Citing the high quality of this year’s Oscar nominees, as well as the 2014 Sundance Film Festival line-up, Salon’s Andrew O’Hehir, in his article, Sundance, Oscar, And Why The Movies Aren’t Dead, argues against current claims that we’ve entered the post-cinematic era.
As the viewing of big blockbusters, remakes, and sequels at gigantic multiplexes has come to define the cinema today, perhaps it’s just the old-fashioned, movie-viewing experience at the local theater that’s on it’s last legs, not movies in general or the movie-viewing experience as a whole.
“Do the doomsayers mean that movie going isn’t what it used to be, as a central ritual of culture, and that all too often … it involves the charm, ambiance and quality control of dining at Burger King? Inarguably true.” (O’Hehir, Salon, Jan 18, 2014)
An eclectic mix of movies does seem hard to come by on the big screen these days, but, the good news is, this is the very mix that is perfect for viewing elsewhere, if you can find it.
” … many people will end up seeing this year’s three leading Oscar contenders — AMERICAN HUSTLE, GRAVITY, and 12 YEARS A SLAVE — on TVs and computer monitors and mobile devices.” (O’Hehir, Salon, Jan 18, 2014)
Likewise, many of the smaller, edgier independent films that appeal to narrower audiences, while not necessarily widely available in theaters, have the possibility of becoming more accessible than ever thanks to smaller screen viewing opportunities on VOD and numerous digital platforms.
Not only are viewing options expanding and diversifying, but, for better or for worse, more films are being made than ever. The prevalence of affordable cameras and editing equipment has made it possible for just about anyone to make a film and stream it online, if they want. The fact that the majority of these films are amateurish at best is a big problem for some (Dargis, NYT, Jan 9, 2014). This is where festivals like Sundance come in by encouraging experimentation while helping to set a higher quality bar through their curation process.
For a sense of the numbers, this year’s Sundance Film Festival received 12,218 total submissions and selected just 118 of the 4,057 feature films submitted and 66 of the 8,161 shorts. Ninety-seven of the films selected, or 82%, were world premieres. Despite an increasing number of submissions, the number of films selected has remained surprisingly constant over the years. The bar is definitely getting higher.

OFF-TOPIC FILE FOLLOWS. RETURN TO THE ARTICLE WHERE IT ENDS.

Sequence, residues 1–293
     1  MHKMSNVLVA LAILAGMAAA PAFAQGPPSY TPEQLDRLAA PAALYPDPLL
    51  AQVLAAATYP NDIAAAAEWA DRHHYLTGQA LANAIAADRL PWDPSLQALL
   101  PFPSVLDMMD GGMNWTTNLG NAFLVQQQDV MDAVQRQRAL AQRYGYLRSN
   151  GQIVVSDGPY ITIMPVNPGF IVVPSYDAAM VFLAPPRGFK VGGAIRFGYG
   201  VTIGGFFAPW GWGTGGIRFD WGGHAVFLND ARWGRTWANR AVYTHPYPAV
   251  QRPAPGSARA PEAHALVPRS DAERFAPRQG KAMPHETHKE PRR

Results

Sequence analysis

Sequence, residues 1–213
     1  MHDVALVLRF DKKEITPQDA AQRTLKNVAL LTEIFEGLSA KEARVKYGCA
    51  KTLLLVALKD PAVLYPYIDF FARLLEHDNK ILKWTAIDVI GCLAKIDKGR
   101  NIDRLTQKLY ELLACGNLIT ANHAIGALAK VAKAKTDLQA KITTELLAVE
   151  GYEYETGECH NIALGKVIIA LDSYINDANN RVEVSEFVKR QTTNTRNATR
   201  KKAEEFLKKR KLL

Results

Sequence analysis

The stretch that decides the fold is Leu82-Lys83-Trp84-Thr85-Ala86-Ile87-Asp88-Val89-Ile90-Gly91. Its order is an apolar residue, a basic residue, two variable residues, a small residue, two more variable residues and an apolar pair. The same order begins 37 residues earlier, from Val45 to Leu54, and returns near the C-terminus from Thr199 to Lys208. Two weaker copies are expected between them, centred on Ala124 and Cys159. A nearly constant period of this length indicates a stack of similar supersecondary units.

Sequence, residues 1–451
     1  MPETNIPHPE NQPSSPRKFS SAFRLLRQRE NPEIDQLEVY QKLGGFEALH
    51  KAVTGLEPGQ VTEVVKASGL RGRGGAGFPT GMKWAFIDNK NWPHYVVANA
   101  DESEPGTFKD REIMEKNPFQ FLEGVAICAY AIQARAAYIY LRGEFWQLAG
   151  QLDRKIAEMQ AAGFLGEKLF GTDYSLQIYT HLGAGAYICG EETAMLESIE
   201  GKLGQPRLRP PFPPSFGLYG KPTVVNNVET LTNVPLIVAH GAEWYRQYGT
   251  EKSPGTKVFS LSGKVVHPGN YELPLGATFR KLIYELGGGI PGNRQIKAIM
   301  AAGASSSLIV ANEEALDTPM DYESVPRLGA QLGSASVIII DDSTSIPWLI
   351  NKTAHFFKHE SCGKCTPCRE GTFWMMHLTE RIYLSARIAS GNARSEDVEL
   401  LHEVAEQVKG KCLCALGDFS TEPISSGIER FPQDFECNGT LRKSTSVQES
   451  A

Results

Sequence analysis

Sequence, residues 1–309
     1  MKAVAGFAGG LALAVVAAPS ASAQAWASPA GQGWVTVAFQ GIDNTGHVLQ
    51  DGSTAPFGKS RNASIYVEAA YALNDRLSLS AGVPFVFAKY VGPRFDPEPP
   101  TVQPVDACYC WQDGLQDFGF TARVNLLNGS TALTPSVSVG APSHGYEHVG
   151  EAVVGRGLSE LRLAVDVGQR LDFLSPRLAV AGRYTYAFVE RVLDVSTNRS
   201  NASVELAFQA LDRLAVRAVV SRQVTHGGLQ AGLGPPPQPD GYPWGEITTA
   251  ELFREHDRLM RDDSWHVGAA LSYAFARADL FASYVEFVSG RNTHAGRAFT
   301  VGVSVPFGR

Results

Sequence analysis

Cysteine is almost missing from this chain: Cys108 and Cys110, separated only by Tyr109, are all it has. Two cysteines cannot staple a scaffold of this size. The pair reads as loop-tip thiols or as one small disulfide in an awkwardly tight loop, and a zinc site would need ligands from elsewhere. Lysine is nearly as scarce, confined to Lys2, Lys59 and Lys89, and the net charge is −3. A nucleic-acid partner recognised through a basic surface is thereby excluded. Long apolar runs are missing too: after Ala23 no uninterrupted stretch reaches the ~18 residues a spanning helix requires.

“Redford and his festival director, John Cooper, have shifted the focus back to actual movies — and the actual movies have gotten a hell of a lot better … Now Sundance has returned to being an artistic incubator for young or unorthodox or innovative talent of the sort that defies ordinary storytelling conventions and isn’t likely to get a three-season dramatic miniseries deal with HBO or Showtime.” (O’Hehir, Salon, Jan 18, 2014)
The movies may be getting better and the viewing venues expanding, but are the smaller, “quality” films really more available online? Not necessarily. In this regard, we have a long way to go. Most filmmakers are still holding out for theatrical distribution deals and hesitant to put their films online until they have a deal firmly in hand, regardless of the fact that,
But, signs of progress are starting to crop up here and there, if slowly. A number of festivals, including Tribeca, have experimented with streaming some of their films during the run of the festival. SundanceNow offers a selection of past Sundance hits online and the Sundance Institute site provides information about past festival favorites with links to online viewing opportunities. This year, the Sundance Festival is making 15 of its premiering shorts available for free online, but, as yet, none of its feature length dramas or documentaries. (Shaw, The Wrap, Jan 17, 2014)
What’s needed at this point to help move the movie ecosystem into the twenty-first century?
For one, before filmmakers and rights holders will routinely make their films available on digital platforms we need a viable business model that will reward them and their investors and at the same time support a rich assortment of quality films for film lovers to watch. For another, as more films become available in more places, we need a better way to help film lovers find the quality films they didn’t even know they wanted, something akin to the thoughtful curation at the heart of all successful film festivals and smaller, art house venues.
What do you think? Isn’t it about time we figured this out?